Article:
As President Donald Trump’s 100th day in the Oval Office approaches, Exponent Philanthropy on Tuesday released findings from a Pulse Check survey of its 2,000 members, showing that 82% of grant makers expect philanthropy to play a significant role in society as a result of recent changes in Washington.

Fifty-three percent of survey respondents agreed with the statement “In light of recent changes in Washington, I expect philanthropy to play a more important role in our society moving forward,” and 29% strongly agreed with it.

Exponent Philanthropy noted that the phrase “changes in Washington” referred to the following:

  • An aggressive congressional agenda

  • The potential for sweeping policy changes

  • The unconventional style of the new administration

A report in Tuesday’s New York Times said the president both rejected grading his first 100 days in office, and was assiduously pursuing a grade “A.”

Survey respondents were invited to support their quantitative answers with anonymous comments, several of which Exponent Philanthropy selected for release.

Some expressed increased urgency to address funding gaps created by proposed government cuts to social programs.

One donor said: “Philanthropy does not have the resources to replace government programs, so it will force giving away from ‘nice to have programs’ to a stopgap effort of trying to fill holes in basic services … It’s an unsettling time for the vulnerable among us.”

Indeed, charities and foundations are on edge about how the stated policies of the Trump administration and the Republican-majority Congress will play out in the coming year.

Other comments by survey respondents pointed to a need for greater advocacy around specific causes. “If the changes in Washington lead to less government regulation and interference in society, our philanthropic goals will have greater effect,” another donor said.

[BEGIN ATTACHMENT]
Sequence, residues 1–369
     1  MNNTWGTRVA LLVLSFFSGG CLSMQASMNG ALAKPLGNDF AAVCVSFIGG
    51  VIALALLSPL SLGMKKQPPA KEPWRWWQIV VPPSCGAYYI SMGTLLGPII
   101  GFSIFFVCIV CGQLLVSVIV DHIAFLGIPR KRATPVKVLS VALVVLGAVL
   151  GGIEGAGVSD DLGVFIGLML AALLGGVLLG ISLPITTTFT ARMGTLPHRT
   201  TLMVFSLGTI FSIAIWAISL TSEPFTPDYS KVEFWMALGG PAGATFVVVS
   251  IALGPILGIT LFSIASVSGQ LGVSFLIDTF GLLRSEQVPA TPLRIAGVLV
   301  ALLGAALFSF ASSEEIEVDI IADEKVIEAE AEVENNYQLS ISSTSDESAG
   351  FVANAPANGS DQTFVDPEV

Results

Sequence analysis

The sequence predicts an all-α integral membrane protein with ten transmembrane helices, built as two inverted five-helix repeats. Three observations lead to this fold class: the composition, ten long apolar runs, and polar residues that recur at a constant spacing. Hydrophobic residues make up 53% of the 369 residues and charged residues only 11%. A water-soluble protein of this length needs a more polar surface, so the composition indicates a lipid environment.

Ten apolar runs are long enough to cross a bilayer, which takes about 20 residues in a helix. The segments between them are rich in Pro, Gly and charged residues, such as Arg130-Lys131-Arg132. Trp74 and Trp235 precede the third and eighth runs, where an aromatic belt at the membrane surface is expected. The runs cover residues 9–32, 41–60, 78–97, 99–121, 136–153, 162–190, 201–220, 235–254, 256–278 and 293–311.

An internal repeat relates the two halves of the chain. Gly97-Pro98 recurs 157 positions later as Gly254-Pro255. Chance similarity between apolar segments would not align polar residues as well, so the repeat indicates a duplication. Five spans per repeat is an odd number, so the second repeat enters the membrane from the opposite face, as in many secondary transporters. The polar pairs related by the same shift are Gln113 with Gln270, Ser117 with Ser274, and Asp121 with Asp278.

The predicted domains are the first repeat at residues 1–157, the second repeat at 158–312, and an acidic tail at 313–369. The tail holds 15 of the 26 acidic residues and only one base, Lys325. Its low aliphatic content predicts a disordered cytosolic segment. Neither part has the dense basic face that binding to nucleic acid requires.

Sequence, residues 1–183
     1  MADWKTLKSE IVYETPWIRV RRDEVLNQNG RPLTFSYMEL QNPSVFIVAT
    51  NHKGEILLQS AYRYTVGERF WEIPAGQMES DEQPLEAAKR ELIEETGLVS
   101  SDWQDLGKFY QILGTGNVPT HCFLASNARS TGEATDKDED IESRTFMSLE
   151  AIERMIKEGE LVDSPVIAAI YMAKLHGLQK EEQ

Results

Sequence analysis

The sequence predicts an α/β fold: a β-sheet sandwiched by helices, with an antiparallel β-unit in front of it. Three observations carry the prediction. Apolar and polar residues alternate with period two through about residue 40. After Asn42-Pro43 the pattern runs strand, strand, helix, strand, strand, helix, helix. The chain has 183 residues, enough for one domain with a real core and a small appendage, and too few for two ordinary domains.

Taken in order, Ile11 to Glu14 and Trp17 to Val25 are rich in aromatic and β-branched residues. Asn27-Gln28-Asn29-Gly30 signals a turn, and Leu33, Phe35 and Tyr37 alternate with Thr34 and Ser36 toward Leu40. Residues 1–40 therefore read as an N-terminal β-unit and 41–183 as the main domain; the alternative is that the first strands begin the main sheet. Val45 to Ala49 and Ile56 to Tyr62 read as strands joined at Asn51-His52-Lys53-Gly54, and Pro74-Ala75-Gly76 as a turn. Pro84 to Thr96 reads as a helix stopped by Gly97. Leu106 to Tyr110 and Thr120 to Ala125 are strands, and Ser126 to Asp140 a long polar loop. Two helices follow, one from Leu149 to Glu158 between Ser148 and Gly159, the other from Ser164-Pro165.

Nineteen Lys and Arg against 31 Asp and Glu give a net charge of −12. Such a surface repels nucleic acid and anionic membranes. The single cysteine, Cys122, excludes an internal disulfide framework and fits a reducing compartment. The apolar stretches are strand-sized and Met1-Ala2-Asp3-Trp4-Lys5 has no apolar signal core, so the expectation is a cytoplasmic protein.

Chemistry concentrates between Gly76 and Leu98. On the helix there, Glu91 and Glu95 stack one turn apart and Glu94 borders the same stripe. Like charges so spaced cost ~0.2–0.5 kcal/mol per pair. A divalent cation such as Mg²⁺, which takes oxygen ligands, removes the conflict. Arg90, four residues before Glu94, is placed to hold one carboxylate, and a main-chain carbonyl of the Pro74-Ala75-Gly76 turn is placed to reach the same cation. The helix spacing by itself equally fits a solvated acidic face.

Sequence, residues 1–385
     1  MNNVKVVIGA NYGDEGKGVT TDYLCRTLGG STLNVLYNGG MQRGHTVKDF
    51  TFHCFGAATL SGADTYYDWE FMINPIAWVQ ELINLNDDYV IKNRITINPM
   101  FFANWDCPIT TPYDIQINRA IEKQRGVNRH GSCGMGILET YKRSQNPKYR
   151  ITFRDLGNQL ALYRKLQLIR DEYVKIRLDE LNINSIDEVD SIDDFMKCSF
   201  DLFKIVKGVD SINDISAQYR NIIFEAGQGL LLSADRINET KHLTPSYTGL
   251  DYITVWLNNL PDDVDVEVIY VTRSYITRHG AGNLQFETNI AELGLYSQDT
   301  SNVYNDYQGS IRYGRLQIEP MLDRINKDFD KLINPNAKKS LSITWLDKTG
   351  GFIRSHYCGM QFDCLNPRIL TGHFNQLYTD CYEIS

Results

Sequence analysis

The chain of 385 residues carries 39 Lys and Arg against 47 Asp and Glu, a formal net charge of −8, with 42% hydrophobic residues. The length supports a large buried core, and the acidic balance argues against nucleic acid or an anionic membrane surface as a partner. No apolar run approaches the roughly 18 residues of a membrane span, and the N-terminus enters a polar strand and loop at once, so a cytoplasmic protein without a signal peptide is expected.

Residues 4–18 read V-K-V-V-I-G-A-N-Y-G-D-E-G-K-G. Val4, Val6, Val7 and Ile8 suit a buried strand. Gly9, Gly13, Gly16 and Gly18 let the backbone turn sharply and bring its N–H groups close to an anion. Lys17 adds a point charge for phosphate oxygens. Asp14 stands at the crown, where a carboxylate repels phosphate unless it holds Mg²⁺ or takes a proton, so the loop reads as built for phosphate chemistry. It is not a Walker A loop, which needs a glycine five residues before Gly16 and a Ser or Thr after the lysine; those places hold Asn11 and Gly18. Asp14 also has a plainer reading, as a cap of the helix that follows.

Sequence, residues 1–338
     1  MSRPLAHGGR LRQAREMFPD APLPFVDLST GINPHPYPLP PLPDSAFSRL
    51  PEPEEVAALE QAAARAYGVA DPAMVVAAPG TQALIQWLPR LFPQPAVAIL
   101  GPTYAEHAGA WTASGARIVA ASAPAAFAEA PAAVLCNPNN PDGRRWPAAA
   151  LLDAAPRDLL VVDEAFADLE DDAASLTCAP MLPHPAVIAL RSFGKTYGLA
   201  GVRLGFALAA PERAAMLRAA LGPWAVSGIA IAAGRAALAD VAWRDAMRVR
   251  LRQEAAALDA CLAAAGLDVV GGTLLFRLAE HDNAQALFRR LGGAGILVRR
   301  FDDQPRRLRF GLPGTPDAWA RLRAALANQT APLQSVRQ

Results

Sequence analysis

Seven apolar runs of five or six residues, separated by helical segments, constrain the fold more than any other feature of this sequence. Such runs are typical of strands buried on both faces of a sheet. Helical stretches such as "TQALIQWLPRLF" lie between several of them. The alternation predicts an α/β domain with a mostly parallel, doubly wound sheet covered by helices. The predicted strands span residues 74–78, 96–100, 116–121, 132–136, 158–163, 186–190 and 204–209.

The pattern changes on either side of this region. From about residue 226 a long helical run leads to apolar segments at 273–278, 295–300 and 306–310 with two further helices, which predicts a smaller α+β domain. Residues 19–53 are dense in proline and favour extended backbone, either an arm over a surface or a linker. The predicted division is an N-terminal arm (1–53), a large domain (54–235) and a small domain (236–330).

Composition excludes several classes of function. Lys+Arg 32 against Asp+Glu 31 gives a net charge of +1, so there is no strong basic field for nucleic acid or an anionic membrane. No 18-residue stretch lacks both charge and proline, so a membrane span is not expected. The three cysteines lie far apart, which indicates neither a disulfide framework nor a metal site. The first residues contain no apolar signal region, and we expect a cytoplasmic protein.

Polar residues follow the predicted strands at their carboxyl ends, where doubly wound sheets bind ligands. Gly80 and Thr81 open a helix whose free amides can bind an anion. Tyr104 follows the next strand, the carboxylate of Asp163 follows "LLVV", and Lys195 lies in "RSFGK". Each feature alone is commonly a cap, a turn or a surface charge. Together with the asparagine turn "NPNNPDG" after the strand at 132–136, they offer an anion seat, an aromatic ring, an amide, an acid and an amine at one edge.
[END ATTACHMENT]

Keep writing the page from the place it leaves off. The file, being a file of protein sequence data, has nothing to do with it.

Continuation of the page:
Still others spoke to the opportunity for a more vigorous philanthropy sector, driven by the anticipation of robust financial markets.

“I’m hoping that we will soon see a more robust growth in the U.S. economy,” a third donor said. “We are hopeful that our investment returns (the Trump bump) will enable us to increase philanthropy to [causes we care about].”

Exponent Philanthropy, which describes itself as a nonpartisan organization, said in a statement that it uses its Pulse Check surveys to gauge membership opinions on important and timely topics. Information is collected anonymously, and the full surveys are neither published nor available for dissemination to the public.

On occasion, as with this survey, the organization publically shares findings from its polls when it deems the topics or findings relevant and useful to the philanthropy sector at large.

Grant Making and Investment

According to the survey, 22% of respondents expected to change their philanthropic giving this year in direct response to recent changes in the capital. The report noted that “philanthropic giving” encompasses grant making, giving strategy and causes supported.

Of the subset that expects to make changes, 33% planned to increase giving in 2017, while a mere 3% planned to decrease giving.

A recent report predicted that charitable giving would increase this year and in 2018.

Fifty-six percent of grant makers surveyed said they would change giving allocations to specific funding areas, and 34% said they would give more general operating grants.

The survey showed that 60% of philanthropists planned no changes to their investments as a direct result of the altered Washington scene, while 30% said they may make changes.

Only 9% of respondents said they expected to make changes. Of these, 63% will likely change their asset allocation mix.

Others said they would explore impact investing opportunities, make more program/mission-related investments or consider more alternative investments.

— Check out Vanguard Offers Guidance to Donors Wary of Tax Reform on ThinkAdvisor.